Mr. Minary also shipped and stored household goods in connection with his transfer. The Bureau authorized transportation and temporary storage of his household goods under a government bill of lading (the actual expense method). On this basis 17,160 pounds of his household goods were moved by commercial carrier at government expense. He also filed a voucher, including weight receipts, claiming reimbursement for an additional 3,870 pounds of personally transported household goods. The Bureau reimbursed Mr. Minary for 840 pounds of the additional amount, bringing his total up to the maximum allowable statutory weight limit of 18,000 pounds. The reimbursement was computed based on the commercial carrier's line haul rate and the Bureau asks whether this is the correct basis.
The Bill of Collection also includes an amount of $4,463.88 for household goods storage and the extra transportation costs for moving the goods into and out of storage which the Bureau feels should not have been incurred due to the short distance between Mr. Minary's old and new duty stations. Mr. Minary is reclaiming this amount.
In addition, the reclaim voucher includes a claim of $161.75 for Mr. Minary's cost (one-half) of an owner's title policy incurred in connection with the purchase of a residence at his new duty station.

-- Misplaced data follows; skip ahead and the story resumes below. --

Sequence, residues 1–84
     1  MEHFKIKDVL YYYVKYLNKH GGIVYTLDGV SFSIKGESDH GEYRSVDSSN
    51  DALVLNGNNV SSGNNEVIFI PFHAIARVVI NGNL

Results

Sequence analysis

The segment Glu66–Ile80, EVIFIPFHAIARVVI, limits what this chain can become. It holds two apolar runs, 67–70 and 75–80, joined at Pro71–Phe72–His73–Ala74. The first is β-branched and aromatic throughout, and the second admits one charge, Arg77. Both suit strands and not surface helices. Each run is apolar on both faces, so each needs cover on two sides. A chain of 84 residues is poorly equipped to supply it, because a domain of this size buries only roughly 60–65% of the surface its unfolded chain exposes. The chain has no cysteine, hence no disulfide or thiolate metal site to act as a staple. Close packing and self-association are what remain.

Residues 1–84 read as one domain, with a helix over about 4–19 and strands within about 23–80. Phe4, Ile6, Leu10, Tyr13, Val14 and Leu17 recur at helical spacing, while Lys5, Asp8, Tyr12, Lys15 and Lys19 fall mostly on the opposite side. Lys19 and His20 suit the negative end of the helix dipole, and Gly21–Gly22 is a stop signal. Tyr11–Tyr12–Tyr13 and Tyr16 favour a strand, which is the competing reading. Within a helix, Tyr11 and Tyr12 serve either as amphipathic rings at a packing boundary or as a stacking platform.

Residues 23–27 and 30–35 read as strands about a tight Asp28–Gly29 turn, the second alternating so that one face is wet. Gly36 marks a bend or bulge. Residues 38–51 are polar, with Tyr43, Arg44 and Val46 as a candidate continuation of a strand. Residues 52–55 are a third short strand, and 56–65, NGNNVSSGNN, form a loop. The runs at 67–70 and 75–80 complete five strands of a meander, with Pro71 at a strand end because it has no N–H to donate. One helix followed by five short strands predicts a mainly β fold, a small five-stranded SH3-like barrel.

The Bureau asks several questions concerning the relocation entitlements of Mr. Minary which will be answered in our determination of the validity of his claims.
With respect to entitlement to reimbursement of TQSE, we have consistently held that regardless of the reason for authorizing payment of the allowance, FTR Sec. 302-5.2(h) (quoted above), clearly imposes the 40-mile limitation on authorization and payment of the allowance. When a transfer involves a difference in commuting mileage of 40 miles or less, the allowance may not be paid. This mileage limitation has the force and effect of law, and may not be waived. Since the difference in Mr. Minary's commuting distance was only 37 Miles, he had no entitlement to reimbursement of TQSE, except for a possible limited period awaiting arrival of his household goods "shipped from the old to the new residence." We have held, however, that the regulation contemplates only the limited period of a delay caused by factors related to the transportation of the household goods, as distinguished from a delay caused by the inability of the employee to locate or obtain possession of his new residence. Here, the record shows that Mr. Minary incurred temporary quarters expenses while seeking and obtaining possession of a residence at his new duty station not due to a delay related to transportation of household goods. Accordingly, he has no entitlement to TQSE in these circumstances.
In regard to the extra charges of $4,463.88 for transportation into and out of storage and for storage of household goods, paid to the carrier, the Bureau indicates these charges would not have been incurred had the goods been transported directly from Mr. Minary's old to his new duty station. In view of the following, we do not believe the record supports collection of these charges from Mr. Minary.